LOS ANGELES (RNN) - A shooting suspect who allegedly killed a TSA agent at Los Angeles International Airport on Friday morning has been identified.
The agent, the first to die in the history of the TSA, has been identified as 39-year-old Gerard I. Hernandez, according to the Associated Press.
The shooting left the suspected gunman, 23-year-old Paul Anthony Ciancia, wounded, along with seven others, six of whom were transported to area hospitals.
Two of the victims are in fair condition, one in critical condition. The deceased TSA agent was the first to die in the line of duty, and another TSA agent was wounded, according to Los Angeles Mayor Eric Garcetti. TSA agents are not armed, and rely on armed airport police.
FBI Special Agent David Bowdich said the others who were injured as they fled the scene.
Ciancia is originally from New Jersey, but is a Los Angeles area resident.
The Associated Press reported Ciancia's father contacted Pennsville, NJ, police Chief Allen Cummings earlier on Friday and expressed concerns his son might have been suicidal. Cummings then contacted the Los Angeles Police Department, requesting a well-being check. Officers went to check on the younger Ciancia's condition but did not find him at his apartment.
LAX Police Chief Patrick Gannon said a Ciancia, wearing fatigues, pulled an assault rifle out of a bag and began to open fire around 9:20 a.m. PT. Ciancia shot his way past the TSA security checkpoint, made his way down the hall in Terminal 3 towards the gates. Ciancia exchanged gunfire with police near gate 35 before he was taken into custody. The Associated Press also reports that officers did wound Ciancia.
According to the Associated Press, Ciancia was carrying a note that said he wanted to "kill TSA," and CNN reported witnesses heard the gunman asking people if they were TSA.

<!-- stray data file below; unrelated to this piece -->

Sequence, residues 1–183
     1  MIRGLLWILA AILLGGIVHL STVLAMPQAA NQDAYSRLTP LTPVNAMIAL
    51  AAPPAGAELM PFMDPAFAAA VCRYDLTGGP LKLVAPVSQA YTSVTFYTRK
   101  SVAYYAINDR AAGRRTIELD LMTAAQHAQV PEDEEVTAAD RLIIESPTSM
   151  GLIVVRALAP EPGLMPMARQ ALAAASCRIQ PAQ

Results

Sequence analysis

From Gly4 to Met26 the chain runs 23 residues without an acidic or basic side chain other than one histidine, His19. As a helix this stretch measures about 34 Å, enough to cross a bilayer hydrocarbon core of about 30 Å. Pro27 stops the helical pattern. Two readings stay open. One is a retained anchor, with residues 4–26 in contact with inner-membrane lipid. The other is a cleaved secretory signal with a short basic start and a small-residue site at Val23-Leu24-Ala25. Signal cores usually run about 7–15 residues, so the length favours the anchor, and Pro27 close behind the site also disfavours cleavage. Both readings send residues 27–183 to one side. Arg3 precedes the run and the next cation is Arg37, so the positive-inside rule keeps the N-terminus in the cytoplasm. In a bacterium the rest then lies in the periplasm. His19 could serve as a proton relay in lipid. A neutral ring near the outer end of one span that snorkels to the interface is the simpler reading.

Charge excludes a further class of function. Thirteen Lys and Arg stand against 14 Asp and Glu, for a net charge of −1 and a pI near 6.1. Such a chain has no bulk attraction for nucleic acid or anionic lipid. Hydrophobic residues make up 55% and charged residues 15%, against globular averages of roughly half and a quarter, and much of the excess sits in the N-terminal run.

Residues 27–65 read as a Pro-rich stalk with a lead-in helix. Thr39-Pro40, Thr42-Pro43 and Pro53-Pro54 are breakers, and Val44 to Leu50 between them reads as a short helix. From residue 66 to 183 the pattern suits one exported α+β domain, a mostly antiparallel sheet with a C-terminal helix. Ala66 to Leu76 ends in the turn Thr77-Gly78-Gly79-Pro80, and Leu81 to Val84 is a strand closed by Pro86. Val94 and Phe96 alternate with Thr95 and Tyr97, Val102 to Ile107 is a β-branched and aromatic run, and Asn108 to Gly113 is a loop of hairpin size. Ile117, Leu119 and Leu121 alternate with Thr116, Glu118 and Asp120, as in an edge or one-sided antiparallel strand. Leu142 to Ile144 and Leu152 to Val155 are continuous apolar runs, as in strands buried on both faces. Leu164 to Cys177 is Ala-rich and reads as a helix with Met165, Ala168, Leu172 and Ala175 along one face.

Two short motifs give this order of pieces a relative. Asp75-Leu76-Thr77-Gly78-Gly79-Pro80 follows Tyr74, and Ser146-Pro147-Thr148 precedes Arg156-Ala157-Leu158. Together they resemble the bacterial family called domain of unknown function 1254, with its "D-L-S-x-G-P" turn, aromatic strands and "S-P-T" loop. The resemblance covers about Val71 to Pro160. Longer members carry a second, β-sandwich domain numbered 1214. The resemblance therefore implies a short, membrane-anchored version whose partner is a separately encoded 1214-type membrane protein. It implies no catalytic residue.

Gannon said during a news conference that the airport police had practiced an active shooter scenario three weeks ago.
"This individual was shooting as he went into the terminal," Gannon said. "The officers did not, I repeat, did not hesitate. Unfortunately, it was an officer-involved shooting."
The seven who sustained injuries were treated by EMTs, although they all may not have been hurt by gunfire.
Gina Marie Lindsey, executive director of LAX, discussed the issue of those awaiting flights as the airport slowly reopens all terminals - except for the one where the shooting happened.
"It's going to be a careful orchestrated logistical ballet to get people reprocessed and back on their flights," she said. "I think it's fair to say that every flight at LAX will be significantly delayed."
Lindsey said 746 were affected, 46 flights were diverted to local airports. Other flights were stopped at LAX or at the originating airport.
The FBI will lead the investigation, with LAX police working in support.
Of the six injured who were transported to area hospitals, UCLA Ronald Reagan Medical Center reported three men had been brought in with injuries from the incident, CNN said. One of them was critical, the other two were listed in fair condition.
Dr. Lynne McCullough said that one of the critical patients suffered gunshot wounds, but she would not comment on what type of injuries the other patients suffered.